MetroHealth’s Department of Otolaryngology (ENT) provides comprehensive medical and surgical services and is a leader in care of patients with ear, nose, throat, and head and neck disorders.
Otolaryngology, pronounced "oh/toe/lair/in/goll/oh/jee" is the oldest medical specialty in the nation. Otolaryngologists are physicians who are trained in medically and surgically managing and treating patients experiencing disorders of the ear, nose, throat (ENT), and related structures of the head and neck. They are often referred to as ENT physicians.
Otolaryngologists are especially skilled at diagnosing and managing diseases of the ears, nose and sinuses, larynx (voice box), oral cavity, upper pharynx (mouth and throat), and structures of the neck and face. They diagnose, treat, and manage both specialty-specific disorders and primary care problems in both pediatric and adult patients. One of the primary qualities that differentiates otolaryngologists from many other types of physicians is that they are trained in both medicine and surgery.
Areas That Otolaryngologists Treat
The Ears—Hearing loss affects one in 10 people in North America . As ear disorders are usually their specialty, otolaryngologists are trained in both the medical and surgical treatment of hearing, ear infections, balance disorders, ear noise (tinnitus), nerve pain, and facial and cranial nerve disorders. Otolaryngologists also manage inner and outer ear birth disorders.
The Nose—Chronic sinusitis affects about 35 million people each year, making it one of the most common health complaints in the country. Caring for the nasal cavity and sinus area is one of the primary skills of otolaryngologists. Managing allergies and sense of smell also fall into this "nasal area" category.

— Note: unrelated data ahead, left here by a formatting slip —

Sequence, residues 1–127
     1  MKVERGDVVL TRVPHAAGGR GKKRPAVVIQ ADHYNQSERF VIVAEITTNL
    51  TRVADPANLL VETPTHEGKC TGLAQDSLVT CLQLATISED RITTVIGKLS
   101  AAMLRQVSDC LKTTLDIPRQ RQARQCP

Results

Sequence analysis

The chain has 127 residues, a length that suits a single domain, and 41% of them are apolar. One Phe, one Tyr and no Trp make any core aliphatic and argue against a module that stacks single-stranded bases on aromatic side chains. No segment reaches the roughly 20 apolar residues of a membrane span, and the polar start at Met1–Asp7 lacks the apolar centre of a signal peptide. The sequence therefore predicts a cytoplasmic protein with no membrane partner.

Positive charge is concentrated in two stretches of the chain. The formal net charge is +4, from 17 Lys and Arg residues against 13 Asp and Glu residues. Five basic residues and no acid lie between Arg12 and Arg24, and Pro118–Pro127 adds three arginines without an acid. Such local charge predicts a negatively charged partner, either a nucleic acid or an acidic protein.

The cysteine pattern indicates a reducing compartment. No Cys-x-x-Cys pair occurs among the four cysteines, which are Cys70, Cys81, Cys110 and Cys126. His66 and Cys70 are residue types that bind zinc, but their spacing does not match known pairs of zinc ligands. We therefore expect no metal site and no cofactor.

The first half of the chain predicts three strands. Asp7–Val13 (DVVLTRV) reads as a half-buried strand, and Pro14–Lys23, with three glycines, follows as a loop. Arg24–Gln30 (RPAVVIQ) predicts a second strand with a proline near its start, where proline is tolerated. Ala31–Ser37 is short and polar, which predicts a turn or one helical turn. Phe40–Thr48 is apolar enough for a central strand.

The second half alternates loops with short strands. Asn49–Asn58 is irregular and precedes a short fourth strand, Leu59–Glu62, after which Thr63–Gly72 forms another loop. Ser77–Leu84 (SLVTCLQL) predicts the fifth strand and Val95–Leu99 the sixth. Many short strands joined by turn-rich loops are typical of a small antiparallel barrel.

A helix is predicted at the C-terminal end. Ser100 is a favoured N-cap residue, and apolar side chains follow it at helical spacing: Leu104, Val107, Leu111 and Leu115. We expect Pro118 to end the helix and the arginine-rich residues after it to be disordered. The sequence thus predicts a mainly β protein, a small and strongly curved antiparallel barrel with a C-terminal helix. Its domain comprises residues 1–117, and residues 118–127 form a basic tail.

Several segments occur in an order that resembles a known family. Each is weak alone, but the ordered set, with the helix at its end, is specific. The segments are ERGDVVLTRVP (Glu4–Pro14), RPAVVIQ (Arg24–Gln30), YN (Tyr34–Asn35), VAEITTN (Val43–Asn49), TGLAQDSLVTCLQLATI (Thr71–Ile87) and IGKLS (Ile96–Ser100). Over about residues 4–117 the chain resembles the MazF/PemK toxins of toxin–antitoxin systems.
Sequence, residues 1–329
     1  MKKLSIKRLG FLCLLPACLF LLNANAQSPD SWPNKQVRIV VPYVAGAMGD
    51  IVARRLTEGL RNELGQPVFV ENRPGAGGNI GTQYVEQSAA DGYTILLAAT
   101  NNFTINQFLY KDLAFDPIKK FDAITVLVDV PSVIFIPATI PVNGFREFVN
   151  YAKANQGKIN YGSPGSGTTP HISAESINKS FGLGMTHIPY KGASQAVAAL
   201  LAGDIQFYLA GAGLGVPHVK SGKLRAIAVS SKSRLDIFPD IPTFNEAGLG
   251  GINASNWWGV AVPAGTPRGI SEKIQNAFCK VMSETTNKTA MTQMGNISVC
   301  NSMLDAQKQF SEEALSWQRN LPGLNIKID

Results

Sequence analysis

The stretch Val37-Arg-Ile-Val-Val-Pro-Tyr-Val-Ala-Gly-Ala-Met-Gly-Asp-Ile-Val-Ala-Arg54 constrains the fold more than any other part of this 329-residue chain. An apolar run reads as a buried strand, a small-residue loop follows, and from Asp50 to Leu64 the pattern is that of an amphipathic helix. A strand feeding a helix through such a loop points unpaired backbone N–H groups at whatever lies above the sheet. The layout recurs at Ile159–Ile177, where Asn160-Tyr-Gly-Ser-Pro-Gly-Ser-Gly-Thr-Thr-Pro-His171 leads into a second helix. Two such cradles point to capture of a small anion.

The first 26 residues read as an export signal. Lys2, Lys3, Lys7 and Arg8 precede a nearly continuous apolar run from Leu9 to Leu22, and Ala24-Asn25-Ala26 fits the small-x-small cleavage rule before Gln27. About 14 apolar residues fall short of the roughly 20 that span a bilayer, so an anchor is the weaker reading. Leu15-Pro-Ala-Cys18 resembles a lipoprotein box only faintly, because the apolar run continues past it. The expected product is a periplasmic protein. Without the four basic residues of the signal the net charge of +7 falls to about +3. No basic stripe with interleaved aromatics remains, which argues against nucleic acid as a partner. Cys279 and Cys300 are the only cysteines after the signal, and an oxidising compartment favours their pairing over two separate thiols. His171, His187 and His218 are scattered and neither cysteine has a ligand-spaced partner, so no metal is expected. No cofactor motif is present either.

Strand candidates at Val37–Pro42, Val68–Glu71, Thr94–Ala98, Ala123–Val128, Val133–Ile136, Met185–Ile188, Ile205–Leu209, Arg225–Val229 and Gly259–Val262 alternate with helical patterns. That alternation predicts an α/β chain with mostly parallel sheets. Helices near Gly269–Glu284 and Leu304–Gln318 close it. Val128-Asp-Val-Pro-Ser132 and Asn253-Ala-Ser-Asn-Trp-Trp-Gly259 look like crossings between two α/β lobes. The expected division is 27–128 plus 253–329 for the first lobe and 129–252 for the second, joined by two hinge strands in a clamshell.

The Throat—Verbal communication, e.g., speaking or singing, as well as eating a meal fall into this vital area. Other specific skills of otolaryngologists include expertise in managing diseases of the larynx (voice box) and the upper aero-digestive tract or esophagus, which is where voice and swallowing disorders can develop.
The Head and Neck—Being the center of the body, the head and neck area includes the important nerves that control sight, smell, hearing, and the face. In this area, otolaryngologists are trained to treat infectious diseases, both benign and malignant (cancerous) tumors, facial trauma, and face deformities. They perform both cosmetic plastic surgery and reconstructive surgery.
Training and Patient Care
Otolaryngologists can begin practicing after completing up to 15 years of college and post-graduate training. To qualify for certification by the American Board of Otolaryngology, an applicant must first graduate from college, medical school (usually four years), and complete at least five years of specialty training. The physician then must pass the American Board of Otolaryngology examination. In addition, some otolaryngologists go on to pursue a one- or two-year fellowship to acquire more extensive training in one of the following subspecialty areas:
- Facial plastic and reconstructive surgery
- Head and neck
- Laryngology (throat)
- Otology/Neurotology (ears, balance and tinnitus)
- Pediatric otolaryngology
- Rhinology (nose)